In July of 1905, John Hay, Class of 1858, perhaps the most famous Brown graduate of his day, died in office as U.S. Secretary of State. The following year his widow, Clara Stone Hay, presented 400 books and manuscripts from Hay’s personal library to Brown. These books, still maintained as a separate collection, contain many volumes which are inscribed to John Hay.

  • John Hay Library (Built 1908–1910).
    In 1906 Andrew Carnegie gave $150,000 to the University for the construction of a new library building to be named for his late friend, John Hay. This view of the Reading Room was photographed in the 1940s. Brown University Archives.
  • William Prynne, Histrio-Mastix: The Players Scourge, or Actors Tragedie (London: Printed by E. A. and W. I. for Michael Sparke, 1633).
    William Prynne's first book, Histrio-Mastix, was interpreted as an attack not only on stage plays, but on King Charles I and Queen Henrietta Maria. For this offense, both Prynne's ears were cut off in the pillory. Hammond Lamont Library. Gift of the Classes of 1899 and 1900.
  • Bartolomé Arzans de Orsua y Vela, Historia de la Villa Imperial de Potosí (Potosí, Bolivia: early 18th century).
    This illustrated manuscript volume records the history of the Bolivian mining town of Potosí from 1545 to 1737, a period when it was the largest city in the New World and a major source of silver for the Spanish Empire. Church Collection on South America. Bequest of Col. George E. Church.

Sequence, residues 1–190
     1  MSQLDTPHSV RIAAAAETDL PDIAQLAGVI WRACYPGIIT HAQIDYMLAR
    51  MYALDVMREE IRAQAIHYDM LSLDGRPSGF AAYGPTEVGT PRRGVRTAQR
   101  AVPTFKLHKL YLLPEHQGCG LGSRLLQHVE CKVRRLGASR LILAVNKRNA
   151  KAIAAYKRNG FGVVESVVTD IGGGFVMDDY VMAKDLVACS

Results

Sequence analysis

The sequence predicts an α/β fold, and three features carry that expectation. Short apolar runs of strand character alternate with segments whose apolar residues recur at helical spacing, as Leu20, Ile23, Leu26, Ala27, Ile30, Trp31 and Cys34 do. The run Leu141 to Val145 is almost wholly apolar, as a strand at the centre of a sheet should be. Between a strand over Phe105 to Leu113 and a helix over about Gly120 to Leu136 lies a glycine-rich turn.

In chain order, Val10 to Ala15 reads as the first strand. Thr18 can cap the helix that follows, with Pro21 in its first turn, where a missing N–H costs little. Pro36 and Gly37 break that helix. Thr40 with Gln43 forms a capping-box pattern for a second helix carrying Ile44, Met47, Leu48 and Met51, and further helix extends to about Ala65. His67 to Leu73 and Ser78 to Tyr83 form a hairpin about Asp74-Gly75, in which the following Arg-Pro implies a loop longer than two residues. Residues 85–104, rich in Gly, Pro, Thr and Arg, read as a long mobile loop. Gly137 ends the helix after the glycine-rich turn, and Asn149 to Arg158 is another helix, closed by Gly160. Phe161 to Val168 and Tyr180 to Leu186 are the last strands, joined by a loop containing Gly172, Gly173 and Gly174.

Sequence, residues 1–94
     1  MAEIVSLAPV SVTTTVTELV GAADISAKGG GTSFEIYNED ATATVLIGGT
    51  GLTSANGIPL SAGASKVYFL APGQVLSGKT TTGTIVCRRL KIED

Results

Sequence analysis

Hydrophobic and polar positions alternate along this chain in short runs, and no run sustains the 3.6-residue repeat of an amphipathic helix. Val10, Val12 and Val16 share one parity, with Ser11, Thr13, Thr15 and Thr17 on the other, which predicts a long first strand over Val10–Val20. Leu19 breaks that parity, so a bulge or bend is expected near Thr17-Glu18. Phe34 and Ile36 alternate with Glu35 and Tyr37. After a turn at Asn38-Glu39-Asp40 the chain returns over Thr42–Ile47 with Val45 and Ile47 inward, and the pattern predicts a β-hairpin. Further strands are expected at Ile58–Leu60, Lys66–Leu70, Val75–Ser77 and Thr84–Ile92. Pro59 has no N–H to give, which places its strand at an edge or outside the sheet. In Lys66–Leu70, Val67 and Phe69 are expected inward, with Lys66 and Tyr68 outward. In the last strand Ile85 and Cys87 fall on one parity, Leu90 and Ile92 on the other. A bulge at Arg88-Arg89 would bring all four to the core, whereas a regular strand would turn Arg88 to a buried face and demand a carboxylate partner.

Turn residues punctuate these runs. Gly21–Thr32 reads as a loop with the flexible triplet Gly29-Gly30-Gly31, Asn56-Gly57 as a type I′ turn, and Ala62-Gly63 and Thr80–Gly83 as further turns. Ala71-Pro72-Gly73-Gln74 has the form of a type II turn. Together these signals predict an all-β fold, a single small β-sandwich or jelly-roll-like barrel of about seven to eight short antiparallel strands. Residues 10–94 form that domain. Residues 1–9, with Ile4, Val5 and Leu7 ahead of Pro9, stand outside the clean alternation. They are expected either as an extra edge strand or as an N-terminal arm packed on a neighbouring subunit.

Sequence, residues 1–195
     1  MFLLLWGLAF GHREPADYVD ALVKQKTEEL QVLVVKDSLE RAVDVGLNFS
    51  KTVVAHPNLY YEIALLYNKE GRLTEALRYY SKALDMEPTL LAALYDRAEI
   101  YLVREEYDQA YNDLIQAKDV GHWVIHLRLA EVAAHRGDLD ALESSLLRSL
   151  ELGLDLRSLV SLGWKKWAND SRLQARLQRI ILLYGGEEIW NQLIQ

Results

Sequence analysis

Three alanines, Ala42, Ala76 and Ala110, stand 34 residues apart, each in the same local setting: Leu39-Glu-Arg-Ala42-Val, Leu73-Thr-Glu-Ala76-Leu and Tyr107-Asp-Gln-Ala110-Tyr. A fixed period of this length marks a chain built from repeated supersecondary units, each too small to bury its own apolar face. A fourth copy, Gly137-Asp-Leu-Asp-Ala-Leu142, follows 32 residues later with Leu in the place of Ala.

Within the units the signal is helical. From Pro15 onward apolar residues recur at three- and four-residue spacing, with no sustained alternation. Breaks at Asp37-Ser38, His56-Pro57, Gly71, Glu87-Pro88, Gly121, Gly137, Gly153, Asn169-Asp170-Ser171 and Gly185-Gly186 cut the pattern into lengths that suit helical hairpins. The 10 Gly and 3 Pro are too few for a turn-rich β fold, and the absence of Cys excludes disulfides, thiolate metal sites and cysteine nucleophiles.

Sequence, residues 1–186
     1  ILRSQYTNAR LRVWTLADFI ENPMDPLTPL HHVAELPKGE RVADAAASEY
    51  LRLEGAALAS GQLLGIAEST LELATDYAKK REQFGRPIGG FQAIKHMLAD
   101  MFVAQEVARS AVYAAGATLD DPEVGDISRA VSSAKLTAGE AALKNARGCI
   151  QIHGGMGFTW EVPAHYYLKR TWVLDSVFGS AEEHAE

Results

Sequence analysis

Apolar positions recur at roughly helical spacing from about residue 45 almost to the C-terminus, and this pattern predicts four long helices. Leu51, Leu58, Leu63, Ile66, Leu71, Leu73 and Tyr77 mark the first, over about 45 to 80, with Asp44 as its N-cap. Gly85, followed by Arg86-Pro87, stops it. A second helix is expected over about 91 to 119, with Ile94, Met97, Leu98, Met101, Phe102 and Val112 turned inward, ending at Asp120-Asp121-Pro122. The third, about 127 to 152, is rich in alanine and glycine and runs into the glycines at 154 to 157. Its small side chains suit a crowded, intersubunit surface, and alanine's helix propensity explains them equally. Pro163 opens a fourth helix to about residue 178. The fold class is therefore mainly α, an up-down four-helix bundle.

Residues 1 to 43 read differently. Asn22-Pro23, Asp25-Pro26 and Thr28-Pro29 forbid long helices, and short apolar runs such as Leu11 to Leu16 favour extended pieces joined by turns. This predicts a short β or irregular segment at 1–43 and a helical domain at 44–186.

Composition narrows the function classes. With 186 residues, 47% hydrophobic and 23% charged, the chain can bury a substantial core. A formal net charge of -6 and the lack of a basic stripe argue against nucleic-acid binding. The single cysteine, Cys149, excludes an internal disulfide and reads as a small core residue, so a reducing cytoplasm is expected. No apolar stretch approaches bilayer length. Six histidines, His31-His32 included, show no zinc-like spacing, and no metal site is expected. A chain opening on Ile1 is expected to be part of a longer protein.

By the early 1890s, the library had so little room for books that lesser used materials had to be stored in the basement. Repeated requests for a new library were unavailing until 1906, when Andrew Carnegie contributed $150,000 toward a new library building honoring his late friend, John Hay. A matching amount was raised, ground was broken in 1908, and the new building was dedicated in November, 1910. Designed in the English Renaissance style by the eminent Boston architectural firm of Shepley, Rutan and Coolidge, the John Hay Library accommodated 180 readers and 300,000 volumes. As described in the President’s report of 1909, there were “separate and convenient rooms for the great special collections of the library, the Harris Collection of American Poetry, the Rider Collection of Rhode Island History, and the Wheaton Collection of International Law, besides proper shelving for art books, rare books, and pamphlets.”